For the network presented herein, there are 256 binary inputs (see FIG. 1). The binary inputs are latched one byte at a time from a computer interface. These 256 inputs are then presented to the 16 input layer subnetwork memory devices, labeled "multilayer 1" in FIG. 1. Each 16 input subnetwork memory devices generates 8 outputs to be presented to the next network layer. The outputs are presented asynchronously as inputs to the next network layer. Thus, each subsequent network layer contains one half the number of memory devices as the previous layer, so that the second layer, labeled "multilayer 2" in FIG. 1, must have 8 memory devices and so on until the last layer of the pyramidal structure, i.e., "multilayer 5", has one memory device. The output layer has 8 outputs which allows the network to make up to 256 decisions or class distinctions.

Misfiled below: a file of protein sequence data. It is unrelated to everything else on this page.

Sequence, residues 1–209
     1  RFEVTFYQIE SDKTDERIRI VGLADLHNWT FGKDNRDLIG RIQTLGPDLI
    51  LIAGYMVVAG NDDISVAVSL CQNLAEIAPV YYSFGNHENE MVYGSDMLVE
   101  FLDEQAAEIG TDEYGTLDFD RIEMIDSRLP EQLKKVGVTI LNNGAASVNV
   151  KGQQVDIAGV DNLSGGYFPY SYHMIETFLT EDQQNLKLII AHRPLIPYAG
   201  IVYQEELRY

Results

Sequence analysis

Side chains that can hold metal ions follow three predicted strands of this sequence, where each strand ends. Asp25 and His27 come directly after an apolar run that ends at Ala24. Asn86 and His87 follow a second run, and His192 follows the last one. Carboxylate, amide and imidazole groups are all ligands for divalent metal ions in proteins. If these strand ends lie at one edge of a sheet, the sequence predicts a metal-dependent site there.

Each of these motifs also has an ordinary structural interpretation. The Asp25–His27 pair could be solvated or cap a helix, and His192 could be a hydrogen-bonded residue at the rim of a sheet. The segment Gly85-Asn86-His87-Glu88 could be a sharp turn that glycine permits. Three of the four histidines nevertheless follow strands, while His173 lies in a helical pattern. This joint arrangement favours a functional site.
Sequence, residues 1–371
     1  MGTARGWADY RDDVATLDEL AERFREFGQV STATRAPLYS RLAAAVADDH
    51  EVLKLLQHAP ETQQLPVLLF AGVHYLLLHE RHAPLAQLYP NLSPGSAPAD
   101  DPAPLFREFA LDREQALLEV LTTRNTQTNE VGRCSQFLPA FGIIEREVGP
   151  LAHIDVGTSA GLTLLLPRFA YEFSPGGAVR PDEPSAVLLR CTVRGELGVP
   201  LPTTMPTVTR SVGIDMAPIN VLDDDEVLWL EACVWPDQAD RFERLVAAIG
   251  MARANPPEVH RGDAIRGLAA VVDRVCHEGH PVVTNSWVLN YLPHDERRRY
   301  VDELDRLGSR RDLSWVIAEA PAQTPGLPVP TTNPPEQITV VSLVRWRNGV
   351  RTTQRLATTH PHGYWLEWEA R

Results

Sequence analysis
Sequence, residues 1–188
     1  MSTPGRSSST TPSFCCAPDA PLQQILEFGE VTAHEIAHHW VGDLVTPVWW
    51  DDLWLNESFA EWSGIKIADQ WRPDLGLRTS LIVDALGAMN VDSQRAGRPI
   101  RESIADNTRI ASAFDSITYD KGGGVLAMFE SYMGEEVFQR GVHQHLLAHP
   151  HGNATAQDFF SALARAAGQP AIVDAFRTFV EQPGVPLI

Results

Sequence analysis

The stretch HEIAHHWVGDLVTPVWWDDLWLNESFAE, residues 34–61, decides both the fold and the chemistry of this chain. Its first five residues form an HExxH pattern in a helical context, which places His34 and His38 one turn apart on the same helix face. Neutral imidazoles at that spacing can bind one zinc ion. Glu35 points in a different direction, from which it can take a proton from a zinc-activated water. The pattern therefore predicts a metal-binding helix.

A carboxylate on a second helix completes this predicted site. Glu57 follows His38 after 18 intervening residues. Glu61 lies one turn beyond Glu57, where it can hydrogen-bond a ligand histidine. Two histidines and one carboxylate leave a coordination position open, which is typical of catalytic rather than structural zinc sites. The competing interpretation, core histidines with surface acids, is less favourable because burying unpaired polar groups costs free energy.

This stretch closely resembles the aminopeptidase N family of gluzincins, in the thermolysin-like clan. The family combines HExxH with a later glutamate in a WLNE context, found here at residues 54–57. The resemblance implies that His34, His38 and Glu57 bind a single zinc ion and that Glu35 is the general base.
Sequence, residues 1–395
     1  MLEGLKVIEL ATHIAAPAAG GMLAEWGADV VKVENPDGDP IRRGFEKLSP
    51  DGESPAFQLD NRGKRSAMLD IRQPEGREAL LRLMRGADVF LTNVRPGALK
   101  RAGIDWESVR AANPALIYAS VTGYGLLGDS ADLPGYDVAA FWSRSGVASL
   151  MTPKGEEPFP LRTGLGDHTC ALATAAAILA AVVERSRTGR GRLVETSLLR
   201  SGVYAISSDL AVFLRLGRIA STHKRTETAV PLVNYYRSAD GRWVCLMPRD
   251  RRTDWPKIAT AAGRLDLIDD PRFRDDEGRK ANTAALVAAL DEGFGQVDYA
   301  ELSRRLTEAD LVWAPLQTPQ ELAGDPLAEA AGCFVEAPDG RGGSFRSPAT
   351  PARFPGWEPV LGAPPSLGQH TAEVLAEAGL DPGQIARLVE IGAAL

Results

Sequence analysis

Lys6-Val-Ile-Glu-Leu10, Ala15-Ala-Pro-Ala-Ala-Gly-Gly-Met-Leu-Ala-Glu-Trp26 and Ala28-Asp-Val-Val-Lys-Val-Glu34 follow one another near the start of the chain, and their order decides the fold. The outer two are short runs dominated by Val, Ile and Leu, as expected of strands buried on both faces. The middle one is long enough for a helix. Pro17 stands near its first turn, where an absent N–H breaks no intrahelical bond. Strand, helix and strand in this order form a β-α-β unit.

Once all 256 inputs are latched into the input of the network, the output of the network is delayed only by the propagation delay of the memory devices from one layer to the next. For example, for the memory device depicted in FIG. 4, the input/output delay is 30 nanoseconds. Thus, for 5 layers, the entire network input/output delay is approximately 150 nanoseconds.
Since each subnetwork can reasonably be thought of as a 16 input, 3 layer, 8 output, fully interconnected network with 11 hidden layer nodes, each subnetwork model contains 264 interconnects. The overall network consists of 31 subnetworks so that the interconnections between subnetworks add up to 240. The total number of equivalent interconnects is thus 31×264+240=8,184. This corresponds to an amazing 54 billion interconnects per second, which is at least an order of magnitude greater than speeds attainable by any pre-existing neural network structure.